A working group for the National Association of Insurance Commissioners approved a framework for its long-awaited annuities “best interest” model law—but without several key consumer protections in place.

The working group voted down a ban on sales contests and travel awards and also failed to pass a cost-benefit disclosure for customers.

Jodi Lerner, attorney at the California Department of Insurance, proposed the language to prohibit agents from profiting from sales contest incentives, prizes and trips, which insurance companies have used for years to motivate agents to more and bigger sales. Lerner said that sales contests can create aggressive sales tactics that don’t advance a consumer-centered best interest standard.

But the sales contest ban was voted down, with opposition led by Dean Cameron, the NAIC’s working group chairman and the director of Idaho’s Department of Insurance. Cameron said the ban lacked specific language.

The commissioners also rejected the creation of a cost-benefit analysis that would have shown consumers, from a simple dollars and cents perspective, if an agent’s recommendation to buy a new annuity makes financial sense. James Regalbuto, the deputy superintendent for life insurance at New York state’s Department of Financial Services, advocated the analysis, which he copied from the best interest regulation he created in New York for annuities.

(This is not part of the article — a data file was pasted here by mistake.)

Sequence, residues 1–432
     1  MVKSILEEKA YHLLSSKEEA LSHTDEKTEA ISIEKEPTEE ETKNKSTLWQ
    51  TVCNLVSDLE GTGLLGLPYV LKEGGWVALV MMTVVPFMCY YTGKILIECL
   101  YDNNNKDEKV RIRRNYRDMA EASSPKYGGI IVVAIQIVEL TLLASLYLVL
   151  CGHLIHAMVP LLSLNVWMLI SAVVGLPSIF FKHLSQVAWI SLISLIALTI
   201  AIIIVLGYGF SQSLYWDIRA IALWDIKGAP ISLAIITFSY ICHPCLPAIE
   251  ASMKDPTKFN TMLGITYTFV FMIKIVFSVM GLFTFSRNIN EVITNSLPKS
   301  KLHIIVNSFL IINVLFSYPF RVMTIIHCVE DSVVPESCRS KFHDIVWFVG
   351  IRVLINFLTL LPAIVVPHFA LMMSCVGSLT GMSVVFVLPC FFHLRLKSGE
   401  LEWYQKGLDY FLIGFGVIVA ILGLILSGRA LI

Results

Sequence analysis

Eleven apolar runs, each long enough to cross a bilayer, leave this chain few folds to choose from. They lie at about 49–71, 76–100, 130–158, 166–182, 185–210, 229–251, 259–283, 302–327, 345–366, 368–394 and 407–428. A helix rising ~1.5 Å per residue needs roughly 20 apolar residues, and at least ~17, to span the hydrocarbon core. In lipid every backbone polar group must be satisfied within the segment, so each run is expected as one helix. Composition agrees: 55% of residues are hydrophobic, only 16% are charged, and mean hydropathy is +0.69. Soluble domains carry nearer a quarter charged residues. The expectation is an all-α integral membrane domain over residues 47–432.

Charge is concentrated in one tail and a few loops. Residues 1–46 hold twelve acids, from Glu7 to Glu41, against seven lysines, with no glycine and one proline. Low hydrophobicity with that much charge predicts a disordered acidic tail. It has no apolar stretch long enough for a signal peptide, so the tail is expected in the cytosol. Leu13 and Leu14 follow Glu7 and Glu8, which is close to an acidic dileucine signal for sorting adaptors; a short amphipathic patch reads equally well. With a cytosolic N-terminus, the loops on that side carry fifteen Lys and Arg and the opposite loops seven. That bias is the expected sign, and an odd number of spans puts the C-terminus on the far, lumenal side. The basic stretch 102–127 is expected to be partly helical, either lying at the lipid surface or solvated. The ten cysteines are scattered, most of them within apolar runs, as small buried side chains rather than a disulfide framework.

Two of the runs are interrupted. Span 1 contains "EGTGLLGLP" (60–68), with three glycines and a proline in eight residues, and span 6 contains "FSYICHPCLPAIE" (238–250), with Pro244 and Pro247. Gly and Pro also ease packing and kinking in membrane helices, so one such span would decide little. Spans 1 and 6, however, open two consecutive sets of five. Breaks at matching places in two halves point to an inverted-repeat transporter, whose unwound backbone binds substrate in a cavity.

Regalbuto did persuade the NAIC working group to approve a requirement that will require agents to document and disclose to customers the basis for new annuities recommendations.

 “If there’s an issue down the road, we can say, ‘OK, show us the documentation where you made this recommendation,’” Regalbuto said.

Consumer advocate Birny Birnbaum, executive director of the Center for Economic Justice, is supporting cost benefit analysis.

“It seems like it will in fact reduce a lot of misunderstandings and disagreements,” he said. “And it will empower the consumer in a way that they are not empowered today.”

Cameron said it is his goal to finish drafting the model law by August 4, when the NAIC meets in Boston.